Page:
FEATURED BLOG POST

Millennials Are Seeking Prenups—and It Might Just Be Worth Considering

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Our Entrepreneur Program Welcomes Its 2018 Class

We are excited to announce the 2018 class of SoFi Entrepreneurs! These ten companies stood out amongst the hundreds of incredible applications we received, representing a diverse set of industries, backgrounds, and big problems they’re trying to solve. We are excited to ride shotgun and help them all navigate their entrepreneurial journeys. Over the next ten months, we’ll devote our coaching and resources to helping each of these ten companies get off the ground, culminating in our Demo Day in October:

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6 Last-Minute Tax Tips That Could Save You Money in 2017

By John Foley, CFP®

As you’ve no doubt read in the news, the Tax Cuts and Jobs Act of 2017 is about to become law. And while the bill contains over 500 pages of changes to the tax rules for corporations, privately held businesses, and individuals, what you’re probably wondering most is: How will the tax plan affect me?

There are three big changes in the Tax Cuts and Jobs Act that will impact most individual taxpayers:

1) New income tax brackets with lower rates for most taxpayers

2) A higher standard deduction—$12,000 for single filers, $24,000 for married filing joint

3) A $10,000 limit on the combined deduction for state and local income and property tax (and that’s the same whether you’re single or married)

While you can’t change the rules, there are things you might be able to do to potentially lower your overall tax burden this year and next, namely, shifting certain deductions into 2017 and certain income into 2018. But the clock is ticking: These provisions are expected to go into effect on January 1, 2018, so December 31 is the last day you can do anything that impacts your 2017 taxes.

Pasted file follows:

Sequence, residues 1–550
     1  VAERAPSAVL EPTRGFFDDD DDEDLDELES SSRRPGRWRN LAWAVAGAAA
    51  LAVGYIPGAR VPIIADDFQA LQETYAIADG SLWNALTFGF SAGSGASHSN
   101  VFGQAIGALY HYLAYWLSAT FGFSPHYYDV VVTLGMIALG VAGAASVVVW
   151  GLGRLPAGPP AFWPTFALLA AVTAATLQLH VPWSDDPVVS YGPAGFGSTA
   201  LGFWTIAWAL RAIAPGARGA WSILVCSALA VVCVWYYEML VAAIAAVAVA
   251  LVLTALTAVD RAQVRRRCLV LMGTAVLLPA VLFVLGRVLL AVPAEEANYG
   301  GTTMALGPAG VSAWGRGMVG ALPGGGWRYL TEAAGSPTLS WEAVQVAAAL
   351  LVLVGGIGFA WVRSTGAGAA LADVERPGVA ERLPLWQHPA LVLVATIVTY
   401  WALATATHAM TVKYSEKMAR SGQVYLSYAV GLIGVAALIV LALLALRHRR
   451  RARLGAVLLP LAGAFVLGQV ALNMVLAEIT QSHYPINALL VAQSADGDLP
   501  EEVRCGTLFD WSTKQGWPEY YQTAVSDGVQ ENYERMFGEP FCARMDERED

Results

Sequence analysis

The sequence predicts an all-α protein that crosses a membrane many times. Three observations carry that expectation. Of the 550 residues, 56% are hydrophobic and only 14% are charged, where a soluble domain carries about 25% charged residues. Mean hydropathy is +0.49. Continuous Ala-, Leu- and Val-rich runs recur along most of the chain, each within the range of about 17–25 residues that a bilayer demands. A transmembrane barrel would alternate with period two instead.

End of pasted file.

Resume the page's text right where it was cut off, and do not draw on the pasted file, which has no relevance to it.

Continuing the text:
Here are a few important actions you could take before the new tax bill kicks in. Ask your tax preparer if they are right for you.

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SoFi Benefits: Six-Month Grace Period for Graduates Using SoFi ReFi

First of all, congratulations to recent MBA graduates! Many members of the SoFi team have been in your shoes and we know the sense of accomplishment you feel when you finally earn your MBA. While the journey of higher education has come to an end, the journey outside of graduate school is just beginning. For many, the top priority is now to find or a job and to pay off any student loans that you may have accrued.

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One SoFi: Refining our Culture

by Jing Liao, Chief Human Resources Officer

This year’s events at SoFi have served as a stark reminder about the importance of company culture. Since September, our board and leadership team have been taking a hard look at SoFi’s culture—and we have identified several areas for improvement. To address those areas, we have launched an initiative called “One SoFi” to work together to define the culture and values we want to embrace as a community across our nearly 1,300 people and seven offices.

We began the initiative with a company-wide survey to assess the present state of our culture, recognize our strengths, and identify opportunities for improvement. We had extremely strong participation across the company, with 81 percent of employees taking the survey. Once the results were compiled, we held discussions on the issues raised amongst leadership, across teams, and together as a company.

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Cryptocurrency: The SoFi Wealth Perspective

Interest in cryptocurrency, specifically Bitcoin, has taken off like a rocket in the last 30 days, spurred largely by the precipitous spike in Bitcoin’s price. While the interest is driving conversation, we feel there hasn’t been enough advice offered to individual investors of how to both make sense of the cryptocurrency boom and to make a decision on whether buying any is a good idea.

Bitcoin is network software that facilitates the secure exchange of digital tokens–called Bitcoins–among anonymous users of the network, anywhere in the world. This New York Times article explains how it works. Other cryptocurrencies work much the same way.

Cryptocurrencies act in some ways like actual currency and can be used to buy a limited number of things, but they are not created by or backed by any government. The full faith and credit of the US government stands behind the dollar. Bitcoin is not backed by anyone. It is hard to create more of most cryptocurrencies, so the interest in them has created demand that is difficult to match, and this has driven up their prices.

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